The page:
The tone is dictated at the outset by Benedict Cumberbatch's raging Orlando, furiously kicking a bucket away in frustration at his lost fortune, and is continued by Adam Levy's suave Oliver, petulantly pushing his younger brother's hand off his shoulder. Nor is there any attempt by Duke Frederick to hide his displeasure at Orlando's winning the wrestling match. The Ruritanian uniforms give the impression of a suffocating dictatorship, a government that can indeed appropriate property at will and make people disappear. You can well appreciate the need for Rosalind and Celia to get as far away from it as possible.
Rebecca Johnson's Rosalind (unusually, smaller than Celia - she's certainly not 'uncommon tall') doesn't disguise her infatuation with Orlando for this no shy and blushing maid. When Celia asks whether she should love Orlando merely because her father loved Orlando's, she nods furiously. And, when dressed as Ganymede, she asks "am I not your Rosalind?" she suits action to words by shaping to take off her clothes as if to prove it.
Despite his fiery start, Cumberbatch's Orlando ultimately seems no match for so feisty a lover. We're left with the distinct impression that she'll be the one wearing the trousers in the relationship. Caitlin Mottram's Celia is shrinking violet either. In fact, both women, who appear well at ease with their sexuality, enhance the production considerably with their performances.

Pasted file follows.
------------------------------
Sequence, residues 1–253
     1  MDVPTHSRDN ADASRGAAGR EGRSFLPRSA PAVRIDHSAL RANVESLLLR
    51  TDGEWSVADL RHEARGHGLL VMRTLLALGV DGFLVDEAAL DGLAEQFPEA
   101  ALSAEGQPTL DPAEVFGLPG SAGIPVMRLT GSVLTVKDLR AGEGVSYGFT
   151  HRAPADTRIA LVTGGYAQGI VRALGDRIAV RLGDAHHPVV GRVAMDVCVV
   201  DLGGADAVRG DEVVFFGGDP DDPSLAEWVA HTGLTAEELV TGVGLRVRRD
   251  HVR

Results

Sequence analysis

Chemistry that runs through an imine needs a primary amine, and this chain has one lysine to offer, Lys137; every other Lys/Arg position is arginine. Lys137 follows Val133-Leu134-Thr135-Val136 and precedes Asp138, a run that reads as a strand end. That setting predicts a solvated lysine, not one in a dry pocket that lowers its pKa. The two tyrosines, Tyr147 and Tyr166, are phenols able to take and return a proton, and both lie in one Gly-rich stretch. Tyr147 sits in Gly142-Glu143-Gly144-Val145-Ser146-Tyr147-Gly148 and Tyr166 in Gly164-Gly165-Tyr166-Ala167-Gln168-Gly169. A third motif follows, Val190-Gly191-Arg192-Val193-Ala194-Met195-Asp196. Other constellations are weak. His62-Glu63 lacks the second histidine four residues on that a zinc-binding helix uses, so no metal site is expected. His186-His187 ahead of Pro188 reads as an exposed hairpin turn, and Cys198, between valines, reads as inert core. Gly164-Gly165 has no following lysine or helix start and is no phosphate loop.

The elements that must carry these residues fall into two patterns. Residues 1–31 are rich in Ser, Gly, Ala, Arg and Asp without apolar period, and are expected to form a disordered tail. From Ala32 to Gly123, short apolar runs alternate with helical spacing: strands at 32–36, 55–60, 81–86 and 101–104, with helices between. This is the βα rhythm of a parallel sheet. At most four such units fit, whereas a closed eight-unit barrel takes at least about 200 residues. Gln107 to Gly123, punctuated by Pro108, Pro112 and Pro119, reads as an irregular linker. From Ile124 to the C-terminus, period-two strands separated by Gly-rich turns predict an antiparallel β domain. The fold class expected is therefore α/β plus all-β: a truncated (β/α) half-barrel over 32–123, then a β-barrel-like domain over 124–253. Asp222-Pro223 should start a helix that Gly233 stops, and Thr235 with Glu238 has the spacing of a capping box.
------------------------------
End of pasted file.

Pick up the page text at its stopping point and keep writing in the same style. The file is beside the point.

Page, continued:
There's also a superb performance from John Hodgkinson as Touchstone. Not only does he manage to draw humour out of every line, but he manages to convey unrequited passion for Celia. His attachment to Audrey, although boisterously sexual, has an underlying air of sadness, and even in the act of walking away, ostensibly, to get married, he shoots a wistful look in Celia's direction.
I'm less convinced by Christopher Godwin's un-melancholic Jacques. When he says "I am ambitious for a motley coat", you feel that, if he were to get one, he'd be topping the bill at the Arden Empire in no time. But this clowning is at gross odds with the text and sits uncomfortably in the production.
One real plus point for me is the adoption of a Midlands accent by the country folk. It's really tedious to hear the standard 'Mummerset' burr every time As You Like It is performed, and besides, the tortured vowels of Warwickshire are more apposite for the forest of Arden, supposedly set in France but, in reality, much closer to home.
This is a production that will warm the heart - even in rough weather.